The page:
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Dallas Mavericks Swallow The Monta Ellis Pill, Sign Him To 3-Yr Deal

Monta Ellis
Latest posts by Bogar Alonso (see all)
Monta Ellis

Apr 28, 2013; Milwaukee, WI, USA; Milwaukee Bucks guard Monta Ellis (11) drives with the basketball as Miami Heat guard Norris Cole (30) and forward Rashard Lewis (9) defend during the second quarter of game four of the first round of the 2013 NBA playoffs at the BMO Harris Bradley Center. Jeff Hanisch-USA TODAY Sports

The Dallas Mavericks have plugged up a backcourt hole left by the departure of O.J. Mayo by signing the smaller, and older, combo guard Monta Ellis. After missing out on the Dwight Howard sweepstakes, the Mavericks did the NBA equivalent of swallowing a cyanide pill by not only signing the notoriously deficient 2-guard, but also paying him superstar money. A superstar he is not.

O.J. Mayo contributed 15.3 PPG, 4.4 APG, 3.5 RPG, and 1.1 STLPG to Dallas last season while Monta put up slightly better numbers: 19.2 PPG, 6.0 APG, 3.9 RPG, and 2.1 STLPG. Neither were very sound players as O.J.’s Player Efficiency Rating (PER) was below league average (14.00 compared to 15.00 PER) and Monta barely scraped over the mean with 16.30. Both also play lukewarm defense. But the biggest crux of Ellis are his shooting numbers and 6’3” (on a good day) frame. Monta doesn’t do a bad job of facilitating halfcourt sets, but will hurt your offense in a litany of other ways.

Here are some:

1) 28.7%. No, that isn’t the likelihood of Kobe Bryant taking a paycut in 2014. It was Ellis’ 3-point shooting percentage for 2012-13. Abysmal, especially considering that you want shooters around Dirk. Calderon will help on this front but Ellis will sink Dallas wherever Calderon might propel them shooting wise.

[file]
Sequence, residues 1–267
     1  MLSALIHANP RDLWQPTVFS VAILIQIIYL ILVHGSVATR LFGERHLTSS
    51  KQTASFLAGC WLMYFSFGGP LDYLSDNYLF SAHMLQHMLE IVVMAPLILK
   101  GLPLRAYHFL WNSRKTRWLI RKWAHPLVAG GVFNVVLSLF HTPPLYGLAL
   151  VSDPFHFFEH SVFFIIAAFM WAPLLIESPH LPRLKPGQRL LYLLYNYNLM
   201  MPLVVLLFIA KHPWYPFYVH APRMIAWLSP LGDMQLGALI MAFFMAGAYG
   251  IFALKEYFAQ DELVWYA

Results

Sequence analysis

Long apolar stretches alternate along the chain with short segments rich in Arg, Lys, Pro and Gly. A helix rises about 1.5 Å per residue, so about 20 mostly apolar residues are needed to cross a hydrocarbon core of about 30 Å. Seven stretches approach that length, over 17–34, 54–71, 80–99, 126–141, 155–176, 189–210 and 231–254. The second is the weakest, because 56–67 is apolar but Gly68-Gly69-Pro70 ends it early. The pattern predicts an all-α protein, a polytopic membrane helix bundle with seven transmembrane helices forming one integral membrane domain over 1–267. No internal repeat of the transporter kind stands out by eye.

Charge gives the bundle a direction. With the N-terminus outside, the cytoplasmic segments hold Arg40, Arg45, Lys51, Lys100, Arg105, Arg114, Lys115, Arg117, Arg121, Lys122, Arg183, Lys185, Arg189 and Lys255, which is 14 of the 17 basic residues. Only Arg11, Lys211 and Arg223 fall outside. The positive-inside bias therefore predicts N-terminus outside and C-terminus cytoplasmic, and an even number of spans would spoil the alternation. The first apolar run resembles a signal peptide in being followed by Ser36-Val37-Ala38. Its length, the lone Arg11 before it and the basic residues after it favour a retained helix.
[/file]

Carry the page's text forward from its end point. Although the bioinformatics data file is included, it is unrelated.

2) Plenty of guards, surprisingly, shoot the 3-ball poorly. Dwyane Wade anyone? But Ellis doesn’t help his case by shooting the ball very poorly overall (41.6% last year). Factor in his true shooting percentage (49.3%) and his effective field goal percentage (44.8%) and you have a shooting guard who can’t hit anything even if armed with a scope.

3) He has the shot selection of an eight-grader. Maybe ninth-grader.

4) He’s 6-foot-3! Though that affects him more on the defensive end where he’ll have to stop shooting guards who are typically 6-foot-5 or taller. That added exertion kills him offensively where he also has to battle the advantageous height of anyone guarding him. Greivis Vasquez, a point guard, is 6-foot-6. The world may be a small place, but an NBA court isn’t.

His contract is projected to be as high as $30 million for three years. When placed against Mayo’s own $24 million for three, J.R. Smith’s $25 million for four, J.J. Redick’s $27 million for four, or Kevin Martin’s $28 million for four, the signing gets even more worrisome. Other than the Mayo deal, all other three are light years beyond Monta Ellis nabbing 10 million a year for making 19 points on 17 field goal attempts, defending little more than his own shadow, and doing little for a Mavs team that need an effective wing scorer and defender.

The only high point of the move is that Ellis will be playing for Rick Carlisle, who can help curb his schizophrenic shooting, and playing alongside Dirk, an NBA champ and stand-up guy. Maybe there’s still hope for him after all.

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